Friday, October 19, 2018

All About: Antepartum Doulas

The term "doula" refers to a birth or life-stage professional who provides four key things to their clients: physical support, emotional support, informational support, and advocacy support.  There are many types of doulas.  Over the next several weeks, I will be talking about the types of doulas specific to pregnancy, labor & delivery, postpartum, and pregnancy loss.  Each week I will focus on a specific type of doula, her role, and the benefits she provides to her clients.

Antepartum Doulas: What They Are

A pregnant woman in a white tank top sits on the edge of her bed, holding her hand up to her head with a tired and concerned expression.  Her other hand rests on her pregnant belly.
Antepartum means "before birth" and as such antepartum doulas have specific training to care for clients during their pregnancies.  This type of doula specifically aids women with high risk pregnancies who may have been put on bed rest, have a severe medical condition that impacts her pregnancy, be a teen or single mother, be an at-risk mother, be a rape survivor, or have some other risk factor that may impact their pregnancy.  

What They Do

Emotional Support
Perhaps the most important role of the antepartum doula is to provide her client with empathy, reassurance, and a sympathetic ear.  Antepartum doulas have special training and experiences that allow them to empathize with mothers in these unique situations and can provide a much needed and impartial ear for women who are going through less than perfect pregnancies.  There is a lot of guilt associated with "not enjoying" being pregnant - an antepartum doula accepts and respects this as part of the variations of normal when dealing with a pregnancy that may be unwanted, cause the mother extreme physical distress, or that may be the product of rape and she can help the mother as she navigates her way emotionally through her pregnancy.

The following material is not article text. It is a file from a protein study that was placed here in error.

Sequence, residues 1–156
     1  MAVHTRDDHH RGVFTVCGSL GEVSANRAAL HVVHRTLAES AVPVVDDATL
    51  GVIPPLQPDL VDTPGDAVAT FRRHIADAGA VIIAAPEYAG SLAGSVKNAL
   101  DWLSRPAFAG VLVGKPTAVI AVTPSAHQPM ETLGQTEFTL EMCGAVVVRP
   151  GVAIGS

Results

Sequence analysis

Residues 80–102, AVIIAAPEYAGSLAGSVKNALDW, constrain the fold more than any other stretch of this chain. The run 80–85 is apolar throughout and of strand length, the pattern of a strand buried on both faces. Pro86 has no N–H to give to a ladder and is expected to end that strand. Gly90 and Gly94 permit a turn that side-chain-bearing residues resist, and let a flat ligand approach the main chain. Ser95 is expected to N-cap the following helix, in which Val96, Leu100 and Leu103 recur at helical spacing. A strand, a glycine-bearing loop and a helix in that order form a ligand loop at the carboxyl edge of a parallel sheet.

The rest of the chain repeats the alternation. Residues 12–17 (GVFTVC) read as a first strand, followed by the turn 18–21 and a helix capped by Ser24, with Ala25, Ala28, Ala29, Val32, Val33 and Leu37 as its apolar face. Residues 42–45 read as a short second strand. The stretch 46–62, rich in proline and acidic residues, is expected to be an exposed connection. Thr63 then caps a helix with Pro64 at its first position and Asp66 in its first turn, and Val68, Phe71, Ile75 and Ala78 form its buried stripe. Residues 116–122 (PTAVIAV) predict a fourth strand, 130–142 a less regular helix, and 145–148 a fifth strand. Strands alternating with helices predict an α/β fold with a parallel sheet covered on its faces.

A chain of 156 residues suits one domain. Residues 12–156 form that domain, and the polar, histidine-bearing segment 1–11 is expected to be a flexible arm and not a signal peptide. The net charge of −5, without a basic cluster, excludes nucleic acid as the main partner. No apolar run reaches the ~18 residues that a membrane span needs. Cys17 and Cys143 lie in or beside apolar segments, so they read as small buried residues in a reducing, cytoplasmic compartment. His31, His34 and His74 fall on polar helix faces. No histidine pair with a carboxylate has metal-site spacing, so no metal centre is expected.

Physical Support
Many high-risk pregnancies require a lot of extra physical support.  For example if the mother is on bed-rest she may need someone to prepare meals, do light house work, take her to and from appointments, or perhaps watch older children.  Whatever the need, the doula is there to make sure the mother is well-supported physically during her pregnancy. 

Informational Support
Moms with health concerns for themselves or their babies tend to have a lot of questions, or may be unaware of their options for care.  Their antepartum doula is there to help fill in the gaps that may be missed during her appointments with care providers or who can offer unbiased information about the pros and cons of different treatments or interventions the mother may be considering.  The doula may also have information specific to the issue her client faces, providing insights or tips for the mother to discuss with her care provider that may help make her more comfortable or manage her pregnancy symptoms better. 

How To Find An Antepartum Doula

Finding an antepartum doula can sometimes be a little bit of a challenge.  Since antepartum care is not as wide-spread or well-known as other the types of doula specialties there are not as many resources available to search from, especially in smaller or rural areas.  The best place to start is probably an internet search, followed by asking for references from local high-risk pregnancy groups you can find either through your care provider or online.  Keep in mind that many birth or postpartum doulas may offer antepartum services, so if you are stuck or having a hard time finding someone in your area it is worth sending a few inquiries to doulas asking if they may provide antepartum services.  Lastly local area birthworkers like Certified Practicing Midwives, Certified Nurse Midwives, midwife assistants, and doulas can also be a great referral resource for expecting mothers and their families.  

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